HP Splits In Half: Consumer & Enterprise Businesses To Separate

HP Splits In Half: Consumer & Enterprise Businesses To Separate

After a weekend of rumors spurred on by a Wall Street Journal report, HP has confirmed this morning that the company intends to split in half next year. The process will see each half become its own independent company, allowing for what amounts to HP’s enterprise and consumer divisions to go their separate ways. By doing so, HP is looking to allow each half to focus on one subset of HP’s overall business, allowing for more focused execution and growth while cutting the bonds that HP believes have made them slow to move in the past.

The split will see HP’s core businesses assigned into one of two companies. HP Inc. the closest of the two companies to an immediate successor to the current HP, will take HP’s PC and printing businesses, along with HP’s other consumer/mobile businesses such as the company’s Chromebooks and tablets. Internally these products are already organized under HP’s Printing and Personal Systems business, so in some senses this is merely moving a business that was its own division into its own company entirely. This split off will also see the current EVP of the Printing and Personal Systems business, Dion Weisler, promoted to CEO of the new HP Inc. Finally, HP Inc. will also be retaining the current HP branding.

Meanwhile the rest of HP’s businesses – servers, networking, storage, software, financial services, and other services– will all be split off together to form the new Hewlett-Packard Enterprise. As alluded to by the name, Hewlett-Packard Enterprise will be focused on HP’s enterprise businesses, where divisions such as the company’s networking business are potential rapid growth markets for HP. HP’s current CEO, Meg Whitman, will be transitioning over to CEO of Hewlett-Packard Enterprise.

HP’s separation in turn is largely borne out of the fact that HP isn’t deriving much of an advantage of keeping all of their businesses under one roof together. HP believes that having the companies split off will mean that each company is better focused on its respective market without the heavy overhead of trying to manage all of these businesses as a single company. In other words, each half will be more flexible/agile than the combined whole. Practically speaking HP has seemed conflicted between consumer and enterprise for some number of years now, and while it’s possible to do both things at once it’s anything but easy. So in lieu of a better reason to have a single company, HP seems content to let each half of the company go their own ways.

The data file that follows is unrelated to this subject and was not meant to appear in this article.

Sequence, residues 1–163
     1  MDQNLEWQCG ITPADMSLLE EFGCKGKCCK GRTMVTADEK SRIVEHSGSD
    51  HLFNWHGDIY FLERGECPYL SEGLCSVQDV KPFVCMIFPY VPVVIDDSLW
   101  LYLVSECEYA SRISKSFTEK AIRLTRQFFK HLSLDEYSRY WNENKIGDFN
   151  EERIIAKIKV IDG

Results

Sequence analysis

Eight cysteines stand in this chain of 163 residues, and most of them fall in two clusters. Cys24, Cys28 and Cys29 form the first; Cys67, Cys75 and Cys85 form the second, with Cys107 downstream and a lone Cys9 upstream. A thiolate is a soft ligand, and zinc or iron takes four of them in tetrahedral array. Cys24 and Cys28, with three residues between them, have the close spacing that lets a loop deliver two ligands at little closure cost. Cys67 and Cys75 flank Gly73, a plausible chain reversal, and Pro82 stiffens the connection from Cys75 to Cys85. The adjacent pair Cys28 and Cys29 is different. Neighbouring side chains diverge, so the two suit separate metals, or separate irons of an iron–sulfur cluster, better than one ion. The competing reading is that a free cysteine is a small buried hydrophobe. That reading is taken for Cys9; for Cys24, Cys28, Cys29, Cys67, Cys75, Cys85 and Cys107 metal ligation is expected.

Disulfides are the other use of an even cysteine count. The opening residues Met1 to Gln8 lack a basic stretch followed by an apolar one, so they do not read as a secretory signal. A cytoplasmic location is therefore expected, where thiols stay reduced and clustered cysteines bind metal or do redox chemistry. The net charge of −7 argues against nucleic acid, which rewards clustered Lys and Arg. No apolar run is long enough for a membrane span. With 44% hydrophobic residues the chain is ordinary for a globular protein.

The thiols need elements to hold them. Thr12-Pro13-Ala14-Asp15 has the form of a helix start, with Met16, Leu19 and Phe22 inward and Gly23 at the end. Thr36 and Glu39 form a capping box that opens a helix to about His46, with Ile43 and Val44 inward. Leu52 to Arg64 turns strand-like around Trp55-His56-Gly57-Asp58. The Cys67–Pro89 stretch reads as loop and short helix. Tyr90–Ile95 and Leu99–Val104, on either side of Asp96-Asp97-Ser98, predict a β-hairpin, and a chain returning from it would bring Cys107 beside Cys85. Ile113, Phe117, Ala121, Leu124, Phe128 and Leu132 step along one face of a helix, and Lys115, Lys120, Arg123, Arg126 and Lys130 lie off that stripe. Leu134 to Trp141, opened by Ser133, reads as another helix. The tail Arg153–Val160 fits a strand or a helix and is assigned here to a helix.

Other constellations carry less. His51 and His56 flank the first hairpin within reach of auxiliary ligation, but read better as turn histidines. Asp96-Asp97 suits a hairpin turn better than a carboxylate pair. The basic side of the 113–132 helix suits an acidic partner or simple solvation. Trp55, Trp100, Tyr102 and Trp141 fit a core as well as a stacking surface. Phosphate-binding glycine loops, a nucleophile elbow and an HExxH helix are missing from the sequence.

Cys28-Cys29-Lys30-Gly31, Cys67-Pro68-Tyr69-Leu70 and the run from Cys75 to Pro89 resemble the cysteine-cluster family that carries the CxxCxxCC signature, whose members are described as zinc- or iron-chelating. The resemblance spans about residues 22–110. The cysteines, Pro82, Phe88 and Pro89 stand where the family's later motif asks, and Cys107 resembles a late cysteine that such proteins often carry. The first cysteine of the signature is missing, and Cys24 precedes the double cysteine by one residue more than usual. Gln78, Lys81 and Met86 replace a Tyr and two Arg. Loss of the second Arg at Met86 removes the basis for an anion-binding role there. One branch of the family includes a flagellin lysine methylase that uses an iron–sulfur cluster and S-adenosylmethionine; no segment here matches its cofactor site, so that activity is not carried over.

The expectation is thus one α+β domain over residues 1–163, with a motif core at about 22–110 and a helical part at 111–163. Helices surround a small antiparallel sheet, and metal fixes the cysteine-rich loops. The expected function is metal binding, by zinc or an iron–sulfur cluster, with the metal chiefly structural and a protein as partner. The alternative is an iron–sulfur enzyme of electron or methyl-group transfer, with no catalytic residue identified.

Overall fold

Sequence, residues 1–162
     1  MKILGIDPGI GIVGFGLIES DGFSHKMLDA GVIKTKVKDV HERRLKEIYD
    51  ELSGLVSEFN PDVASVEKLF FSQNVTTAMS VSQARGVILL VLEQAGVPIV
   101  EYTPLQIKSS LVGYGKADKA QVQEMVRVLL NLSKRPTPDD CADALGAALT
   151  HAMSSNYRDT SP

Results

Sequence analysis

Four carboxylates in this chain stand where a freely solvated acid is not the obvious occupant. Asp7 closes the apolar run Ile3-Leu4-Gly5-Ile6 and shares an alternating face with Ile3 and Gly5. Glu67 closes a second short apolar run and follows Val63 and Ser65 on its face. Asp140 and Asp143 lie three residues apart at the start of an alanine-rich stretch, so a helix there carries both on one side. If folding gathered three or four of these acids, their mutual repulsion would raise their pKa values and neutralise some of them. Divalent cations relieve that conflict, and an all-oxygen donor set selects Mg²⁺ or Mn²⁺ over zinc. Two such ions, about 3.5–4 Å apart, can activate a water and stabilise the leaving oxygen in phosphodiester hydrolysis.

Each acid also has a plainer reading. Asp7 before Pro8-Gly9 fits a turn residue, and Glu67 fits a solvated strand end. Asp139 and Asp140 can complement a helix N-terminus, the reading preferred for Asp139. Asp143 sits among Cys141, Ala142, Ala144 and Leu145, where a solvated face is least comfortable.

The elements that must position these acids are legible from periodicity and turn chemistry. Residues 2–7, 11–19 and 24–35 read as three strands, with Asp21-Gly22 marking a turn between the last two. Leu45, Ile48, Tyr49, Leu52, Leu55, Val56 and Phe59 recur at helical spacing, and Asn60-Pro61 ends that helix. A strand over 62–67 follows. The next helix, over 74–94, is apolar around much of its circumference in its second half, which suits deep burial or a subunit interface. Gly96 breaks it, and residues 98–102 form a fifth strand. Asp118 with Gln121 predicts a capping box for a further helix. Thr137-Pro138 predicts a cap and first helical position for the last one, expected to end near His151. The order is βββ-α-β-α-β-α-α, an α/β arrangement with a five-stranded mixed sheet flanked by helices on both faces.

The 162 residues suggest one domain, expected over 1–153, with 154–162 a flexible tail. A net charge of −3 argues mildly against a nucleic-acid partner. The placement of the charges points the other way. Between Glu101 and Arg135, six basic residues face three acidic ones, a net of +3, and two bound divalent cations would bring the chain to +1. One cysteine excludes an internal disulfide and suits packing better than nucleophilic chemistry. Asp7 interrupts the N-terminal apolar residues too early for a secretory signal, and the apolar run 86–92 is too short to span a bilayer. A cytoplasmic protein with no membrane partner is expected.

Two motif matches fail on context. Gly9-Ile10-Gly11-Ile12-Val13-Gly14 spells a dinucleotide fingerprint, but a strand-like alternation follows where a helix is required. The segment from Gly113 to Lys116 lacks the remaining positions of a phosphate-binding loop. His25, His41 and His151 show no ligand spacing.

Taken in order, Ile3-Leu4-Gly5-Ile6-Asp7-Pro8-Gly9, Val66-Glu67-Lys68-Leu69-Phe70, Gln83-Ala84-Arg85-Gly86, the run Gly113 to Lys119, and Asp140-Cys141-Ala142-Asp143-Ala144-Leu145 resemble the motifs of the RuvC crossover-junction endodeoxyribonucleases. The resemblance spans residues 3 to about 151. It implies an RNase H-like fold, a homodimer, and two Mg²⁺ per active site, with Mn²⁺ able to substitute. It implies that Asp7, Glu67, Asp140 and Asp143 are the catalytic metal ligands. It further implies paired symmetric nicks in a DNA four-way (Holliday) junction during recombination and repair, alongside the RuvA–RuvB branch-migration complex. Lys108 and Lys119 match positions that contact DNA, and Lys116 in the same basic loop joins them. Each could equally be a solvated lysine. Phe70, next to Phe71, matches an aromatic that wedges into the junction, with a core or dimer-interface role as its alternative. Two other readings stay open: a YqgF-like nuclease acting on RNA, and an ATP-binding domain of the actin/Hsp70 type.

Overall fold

What’s interesting is that despite how much bigger Hewlett-Packard Enterprise would seem at first due to its mix of enterprise products, it’s only marginally larger than HP Inc. Based on HP’s most recent revenue, Hewlett-Packard Enterprise would be slightly more profitable than HP Inc. on roughly the same revenue, but from a financial basis at least this isn’t a clear case of ejecting the weaker company. That said, HP does seem more bullish on the growth opportunities for Hewlett-Packard Enterprise than HP Inc. (the latter will pay dividends, for example), which offers some additional rationale for why HP would want to split the company. In any case even split both companies will be quite large, clearing over $50B/year in revenue and putting them in the Fortune 50.

Ultimately HP expects the transaction to be completed by the end of the company’s fiscal year 2015 (Oct. 31, 2015), assuming regulatory approval and no other challenges. This split comes as the latest step as part of the company’s larger 5 year turnaround plan, which if successful HP will be nearing the end of.

Finally, in light of this split it’s interesting to reflect on the state of HP after such a long period of acquisitions and mergers by the company. Over the years HP has acquired a large number of formerly high profile companies, including Digital Equipment Corporation (DEC), Compaq, VoodooPC, Palm, 3Com, and Electronic Data Systems (EDS) as part of a larger effort to build up what has become the megalith that they are now taking apart. The combined companies are still larger than the individual companies HP has acquired over the years, but between the previous spin-off of Agilent (HP’s former instruments & equipment business) and now the split into HP Inc. and Hewlett-Packard Enterprise, the individual companies are no longer the sort of mixed business conglomerates that HP has been for the last two decades.